In celebration of 250 years, the Royal Academy of Arts has bridged the great divide and linked the magnificent Burlington House with the mansion on Burlington Gardens creating stunning new spaces and the chance to show some sensational art.

It’s been a long time coming but well worth the wait. The Royal Academy has finally joined up its Piccadilly fronting mansion, Burlington House, with the splendid building on Burlington Gardens, which it bought back in 2001.

At the press preview this week I was fascinated to hear from the architect behind this new link, David Chipperfield.  It was far from straightforward, as he outlined. There are many ‘tribes’ within the RA and each one had a strong view on how the gallery should evolve.  He found a way to connect the buildings by taking the route down to the basement level, revealing intriguing vaults, going through the RA School which has occupied the back of the building for the past 250 years, and connected the space with the beautifully restored building on Burlington Gardens, which was formerly The Museum of Mankind.


The result is the opening up of new spaces, the creation of a breathtaking new lecture hall and a home for the RA’s permanent collection.  We always knew the gallery possessed artistic treasures but we rarely got to see them since the original space was always used for ‘blockbuster’ shows and the Summer Exhibition (which funds students at the RA School).

Now, you can wander through spaces with some stunning examples of art from Roman sculptures, through to High Renaissance work up to works created by early members of the Royal Academy.  I was astounded by the vast copy of Leonardo da Vinci’s Last Supper – apparently soon after the original which is in Milan. This version is in rather better condition and, as Christopher Le Brun, President of the Royal Academy pointed out, you can see the feet and sandals of the apostles below the table (they’ve disappeared from the version on the wall of the Santa Maria delle Grazie).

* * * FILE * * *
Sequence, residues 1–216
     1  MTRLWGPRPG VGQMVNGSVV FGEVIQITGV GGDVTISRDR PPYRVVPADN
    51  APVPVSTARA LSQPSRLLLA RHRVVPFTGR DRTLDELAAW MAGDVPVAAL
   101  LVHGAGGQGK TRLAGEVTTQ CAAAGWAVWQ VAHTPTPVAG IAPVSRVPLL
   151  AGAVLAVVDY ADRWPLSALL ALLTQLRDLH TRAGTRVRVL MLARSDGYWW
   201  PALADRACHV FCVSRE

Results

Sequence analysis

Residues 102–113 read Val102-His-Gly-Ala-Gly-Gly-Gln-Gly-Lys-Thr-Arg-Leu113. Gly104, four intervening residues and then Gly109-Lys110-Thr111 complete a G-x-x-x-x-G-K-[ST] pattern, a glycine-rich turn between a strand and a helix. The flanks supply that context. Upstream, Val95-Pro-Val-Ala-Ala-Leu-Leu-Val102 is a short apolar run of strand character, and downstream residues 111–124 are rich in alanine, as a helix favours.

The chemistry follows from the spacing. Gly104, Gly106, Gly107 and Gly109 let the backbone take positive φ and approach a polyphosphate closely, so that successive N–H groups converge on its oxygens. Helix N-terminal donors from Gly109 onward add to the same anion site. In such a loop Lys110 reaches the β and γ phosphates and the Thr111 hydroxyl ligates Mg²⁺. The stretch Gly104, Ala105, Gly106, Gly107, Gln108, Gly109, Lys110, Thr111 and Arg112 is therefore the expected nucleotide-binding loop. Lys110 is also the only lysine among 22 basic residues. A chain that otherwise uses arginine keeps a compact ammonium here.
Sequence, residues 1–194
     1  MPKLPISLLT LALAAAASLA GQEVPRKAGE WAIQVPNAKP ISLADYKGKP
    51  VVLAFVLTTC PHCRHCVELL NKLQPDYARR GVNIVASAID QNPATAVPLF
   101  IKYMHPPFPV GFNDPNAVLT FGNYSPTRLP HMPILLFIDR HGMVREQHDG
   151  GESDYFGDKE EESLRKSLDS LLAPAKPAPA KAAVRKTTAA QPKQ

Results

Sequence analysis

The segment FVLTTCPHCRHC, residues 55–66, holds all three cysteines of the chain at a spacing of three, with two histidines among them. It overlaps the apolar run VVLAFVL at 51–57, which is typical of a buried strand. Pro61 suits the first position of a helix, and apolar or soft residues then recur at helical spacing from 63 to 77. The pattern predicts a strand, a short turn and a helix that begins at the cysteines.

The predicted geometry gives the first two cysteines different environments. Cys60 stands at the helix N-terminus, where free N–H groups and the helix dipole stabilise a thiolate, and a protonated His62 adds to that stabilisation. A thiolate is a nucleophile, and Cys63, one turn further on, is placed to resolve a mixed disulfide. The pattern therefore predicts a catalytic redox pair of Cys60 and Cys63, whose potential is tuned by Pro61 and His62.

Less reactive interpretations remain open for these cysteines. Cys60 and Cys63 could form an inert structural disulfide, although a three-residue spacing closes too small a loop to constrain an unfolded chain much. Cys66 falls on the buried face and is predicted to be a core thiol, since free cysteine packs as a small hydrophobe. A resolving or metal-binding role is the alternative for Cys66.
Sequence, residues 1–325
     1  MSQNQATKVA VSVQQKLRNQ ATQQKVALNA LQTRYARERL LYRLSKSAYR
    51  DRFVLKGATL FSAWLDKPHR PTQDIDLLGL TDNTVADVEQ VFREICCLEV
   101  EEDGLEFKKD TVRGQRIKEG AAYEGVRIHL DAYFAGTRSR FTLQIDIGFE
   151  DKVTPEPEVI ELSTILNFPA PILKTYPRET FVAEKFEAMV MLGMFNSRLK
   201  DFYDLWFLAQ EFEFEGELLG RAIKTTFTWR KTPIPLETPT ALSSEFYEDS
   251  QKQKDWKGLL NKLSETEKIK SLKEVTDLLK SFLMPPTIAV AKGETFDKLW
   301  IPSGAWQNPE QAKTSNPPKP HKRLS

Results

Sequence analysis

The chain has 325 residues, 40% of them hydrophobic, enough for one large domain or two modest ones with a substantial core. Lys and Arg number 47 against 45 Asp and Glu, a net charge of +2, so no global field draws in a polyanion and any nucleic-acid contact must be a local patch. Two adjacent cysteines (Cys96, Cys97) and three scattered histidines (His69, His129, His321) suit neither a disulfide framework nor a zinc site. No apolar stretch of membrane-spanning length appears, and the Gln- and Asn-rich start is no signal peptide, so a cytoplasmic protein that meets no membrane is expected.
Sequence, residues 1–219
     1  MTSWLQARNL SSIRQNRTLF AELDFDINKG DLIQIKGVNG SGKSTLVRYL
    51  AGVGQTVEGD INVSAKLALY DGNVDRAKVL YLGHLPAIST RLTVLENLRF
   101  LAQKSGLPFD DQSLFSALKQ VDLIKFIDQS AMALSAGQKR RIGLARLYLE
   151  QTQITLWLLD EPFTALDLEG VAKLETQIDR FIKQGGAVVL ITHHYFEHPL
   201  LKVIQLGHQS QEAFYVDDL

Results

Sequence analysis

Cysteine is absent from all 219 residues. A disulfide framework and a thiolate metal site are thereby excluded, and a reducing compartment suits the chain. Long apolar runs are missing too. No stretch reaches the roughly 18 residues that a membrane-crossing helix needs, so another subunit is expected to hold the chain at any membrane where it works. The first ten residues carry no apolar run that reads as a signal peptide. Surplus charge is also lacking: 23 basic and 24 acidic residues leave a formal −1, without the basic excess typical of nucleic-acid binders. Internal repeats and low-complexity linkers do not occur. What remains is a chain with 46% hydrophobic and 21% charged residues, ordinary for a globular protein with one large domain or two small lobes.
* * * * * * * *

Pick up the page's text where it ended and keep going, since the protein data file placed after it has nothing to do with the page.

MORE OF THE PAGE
I stared long and hard at Michaelangelo’s Taddei Tondo, The Virgin and Child with the Infant St John (c 1504) You could argue that it’s unfinished but what you can see in this piece is the artist’s hand at work – the way he shaped the figures using smaller and smaller claw chisels and getting to the stage where the stone is smoothed. I loved the little dint in the fabric made by the finger of the figure of baby Jesus.

There are also examples of James Thornhill‘s huge biblical paintings.  They’re fabulous in a slightly gaudy, colourful way and I was intrigued to see that the same model popped up playing different figures in the pictures.


The new spaces offer an extraordinary showcase of art and architecture (for which the RA was established to promote).  This gallery is having a serious ‘moment’.  And, to bring things right up to date, the contemporary artist, Tacita Dean is having the THIRD of her moments with an impressive display of landscape inspired pieces. I was really impressed by the chalk on blackboard artworks of snowy, craggy mountains – a painstaking piece of work to produce.  And I was amused by her rather touching collection of three or four leaf clovers which she’s collection.

Down in the Vaults the space is devoted to the early learning of drawing and has collected a variety of pictures of students studying the human figure and many of the plaster casts which were used as models for aspiring artists getting to grips with the art of looking – really looking.

The whole project has cost a cool £56million to create – and £12.7 million came from Heritage Lottery Funds.  I reckon it’s all money very well spent.  #RA250 #TheNewRA #TacitaDean  @royalacademy

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